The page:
Beginning Monday, new Sounder service adds stations in Lakewood and South Tacoma to the rail line's existing southern route, which runs from downtown Tacoma to Seattle. Sound Transit estimates the new segment will bring in 750 to 1,000 more passengers a day, in addition to the nearly 9,000 who already travel the route.
LAKEWOOD, Pierce County — On an ordinary weekday, bleary-eyed commuters aren’t likely to clap and hoot when the train arrives. But on Saturday, hundreds of cheering transit fans greeted the blue-and-white Sounder as it burst through a cloud of confetti and pulled into its newest station, in Lakewood, south of Tacoma.
The car doors slid open and the crowd poured onto the train for a day of free rides and festivities celebrating the eight-mile extension that opens for business Monday.
The new service adds stations in Lakewood and South Tacoma to the Sounder’s existing southern route, which runs from downtown Tacoma to Seattle. Sound Transit, which operates the system, estimates the new segment will bring in 750 to 1,000 more passengers a day, in addition to the nearly 9,000 who already travel the route.
“This is a great day for Lakewood and a great day for the region,” said Pierce County Executive Pat McCarthy, who chairs the Sound Transit board. “We’re filling in another piece of the regional transit puzzle.”
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With the new extension, Sounder tracks now cover 82 miles. That includes the line’s northern route between Seattle and Everett.
The Lakewood extension was a long time coming, said Tacoma Mayor Marilyn Strickland.
Sound Transit announced plans to extend the tracks in 1996. But the project faced both political and technical challenges in punching a new rail line through the heart of an urban area, particularly along the steep segment that climbs from downtown Tacoma.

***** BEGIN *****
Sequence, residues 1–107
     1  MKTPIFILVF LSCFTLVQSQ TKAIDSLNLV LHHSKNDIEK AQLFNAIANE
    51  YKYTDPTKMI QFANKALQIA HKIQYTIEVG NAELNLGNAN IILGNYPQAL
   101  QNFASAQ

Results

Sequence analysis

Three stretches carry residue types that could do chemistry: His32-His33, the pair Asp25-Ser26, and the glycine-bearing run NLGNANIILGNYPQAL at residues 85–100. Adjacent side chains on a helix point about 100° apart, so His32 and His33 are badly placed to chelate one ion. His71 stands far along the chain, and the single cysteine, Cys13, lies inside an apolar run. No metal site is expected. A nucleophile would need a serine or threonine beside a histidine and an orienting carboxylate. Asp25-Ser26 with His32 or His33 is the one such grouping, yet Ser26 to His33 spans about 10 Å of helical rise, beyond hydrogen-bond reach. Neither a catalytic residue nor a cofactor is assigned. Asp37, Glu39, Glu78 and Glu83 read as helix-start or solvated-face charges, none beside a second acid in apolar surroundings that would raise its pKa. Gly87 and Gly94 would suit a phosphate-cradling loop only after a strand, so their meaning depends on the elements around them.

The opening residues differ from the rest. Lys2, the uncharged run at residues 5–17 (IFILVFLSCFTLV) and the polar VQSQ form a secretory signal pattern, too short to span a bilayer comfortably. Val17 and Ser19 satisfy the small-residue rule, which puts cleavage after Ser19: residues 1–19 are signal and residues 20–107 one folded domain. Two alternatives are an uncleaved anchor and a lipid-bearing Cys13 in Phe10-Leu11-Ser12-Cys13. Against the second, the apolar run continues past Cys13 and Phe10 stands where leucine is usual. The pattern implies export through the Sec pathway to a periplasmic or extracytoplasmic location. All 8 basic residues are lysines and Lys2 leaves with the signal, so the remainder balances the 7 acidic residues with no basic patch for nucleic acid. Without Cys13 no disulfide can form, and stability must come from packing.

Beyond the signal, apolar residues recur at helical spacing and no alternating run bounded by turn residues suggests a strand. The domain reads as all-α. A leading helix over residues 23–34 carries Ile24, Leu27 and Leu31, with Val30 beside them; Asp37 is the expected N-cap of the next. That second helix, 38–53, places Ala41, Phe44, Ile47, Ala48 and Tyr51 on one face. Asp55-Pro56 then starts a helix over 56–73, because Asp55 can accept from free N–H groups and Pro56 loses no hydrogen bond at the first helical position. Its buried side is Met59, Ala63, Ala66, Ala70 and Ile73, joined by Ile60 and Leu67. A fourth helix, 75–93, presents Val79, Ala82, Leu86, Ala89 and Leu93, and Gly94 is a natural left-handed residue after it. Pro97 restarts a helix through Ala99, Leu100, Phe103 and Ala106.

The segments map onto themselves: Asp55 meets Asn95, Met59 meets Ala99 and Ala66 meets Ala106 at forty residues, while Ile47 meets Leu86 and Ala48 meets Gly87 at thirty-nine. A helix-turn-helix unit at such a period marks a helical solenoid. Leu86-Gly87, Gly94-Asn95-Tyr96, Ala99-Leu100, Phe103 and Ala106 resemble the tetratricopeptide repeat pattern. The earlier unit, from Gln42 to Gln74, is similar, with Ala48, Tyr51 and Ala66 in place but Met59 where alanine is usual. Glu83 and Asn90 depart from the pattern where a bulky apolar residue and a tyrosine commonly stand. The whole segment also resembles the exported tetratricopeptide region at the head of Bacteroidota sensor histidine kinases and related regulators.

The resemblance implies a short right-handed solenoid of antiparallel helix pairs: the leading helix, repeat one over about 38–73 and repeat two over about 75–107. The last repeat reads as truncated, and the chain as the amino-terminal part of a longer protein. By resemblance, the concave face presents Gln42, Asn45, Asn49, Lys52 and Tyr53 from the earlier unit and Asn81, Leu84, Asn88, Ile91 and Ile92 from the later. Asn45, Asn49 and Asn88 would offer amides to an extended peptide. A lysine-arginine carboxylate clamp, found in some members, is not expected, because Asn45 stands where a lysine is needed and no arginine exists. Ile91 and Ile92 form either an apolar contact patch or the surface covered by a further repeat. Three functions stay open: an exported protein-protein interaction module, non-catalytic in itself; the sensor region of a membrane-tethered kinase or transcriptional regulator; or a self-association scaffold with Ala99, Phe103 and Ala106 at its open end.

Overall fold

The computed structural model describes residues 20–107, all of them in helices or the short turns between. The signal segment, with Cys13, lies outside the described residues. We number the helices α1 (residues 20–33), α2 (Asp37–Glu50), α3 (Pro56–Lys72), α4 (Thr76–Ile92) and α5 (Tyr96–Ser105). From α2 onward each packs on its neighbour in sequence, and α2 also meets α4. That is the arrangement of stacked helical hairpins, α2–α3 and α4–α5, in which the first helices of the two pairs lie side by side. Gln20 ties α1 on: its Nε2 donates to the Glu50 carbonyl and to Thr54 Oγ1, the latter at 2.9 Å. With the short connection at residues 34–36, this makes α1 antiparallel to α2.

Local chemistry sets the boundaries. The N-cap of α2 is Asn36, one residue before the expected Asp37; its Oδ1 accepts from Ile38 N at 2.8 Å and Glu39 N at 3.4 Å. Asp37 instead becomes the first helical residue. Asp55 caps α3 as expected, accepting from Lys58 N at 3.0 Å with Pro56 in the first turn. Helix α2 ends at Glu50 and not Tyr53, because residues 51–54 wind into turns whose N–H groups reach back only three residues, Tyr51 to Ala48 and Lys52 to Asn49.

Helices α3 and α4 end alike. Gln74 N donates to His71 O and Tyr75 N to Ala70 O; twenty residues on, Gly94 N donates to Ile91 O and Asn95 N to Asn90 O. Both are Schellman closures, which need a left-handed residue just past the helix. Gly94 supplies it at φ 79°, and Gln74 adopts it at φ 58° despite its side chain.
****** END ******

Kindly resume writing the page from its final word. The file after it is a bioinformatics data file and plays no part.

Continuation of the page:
The Lakewood station, where the train stopped Saturday, was finished in 2008 and has been serving as a hub for bus service since then.
The train will be a huge improvement, said Stephan Cox, of Spanaway. Cox got his first ride on the new line during an earlier sneak preview. The trip from Lakewood to the Tacoma Dome station, which normally takes 45 minutes and requires at least one transfer, whipped past in about 20 minutes.
“It was almost supersonic,” he said.
Cox also looks forward to riding the train to watch the Seahawks play. The Sounder will carry fans to five of the NFL team’s home games and the Oct. 13 Husky football matchup against USC.
Tina Reed, of Graham, lined up for a free print from artist J. Craig Thorp that depicts the train traveling against the backdrop of Tacoma’s Commencement Bay and downtown neighborhood. Reed is thrilled by the prospect of making a day trip to Seattle without fighting traffic and paying hefty parking fees.
“I don’t like highway driving,” she said. “I would never drive by myself to Seattle.”
Brandi and Patrick Riddle, who transferred to Joint Base Lewis-McChord about a year ago, were both a bit nostalgic for the excellent mass transit they relied when they lived in South Korea. By bus and train, they could get to Seoul in an hour. By car, it took three times that long.
Now they find themselves mired in traffic as they navigate the south Puget Sound area.
“We want to try the train,” said Brandi Riddle. “We want to see how well they can pull it off.”
On weekdays, five trains will leave Lakewood northbound, from 4:42 a.m. to 6:37 a.m. In the opposite direction, five trains leave Seattle’s King Street Station from 4:20 p.m. to 6:15 p.m. with final stops in Lakewood. Adult fare is $5.25 one way.
So far, taxpayers have spent $1.3 billion in capital costs on the entire Sounder network, including the cost to buy the trains, build or lease tracks and stations and improve crossings.
Sandi Doughton: 206-464-2491 or firstname.lastname@example.org
Seattle Times staff reporter Mike Lindblom contributed to this report.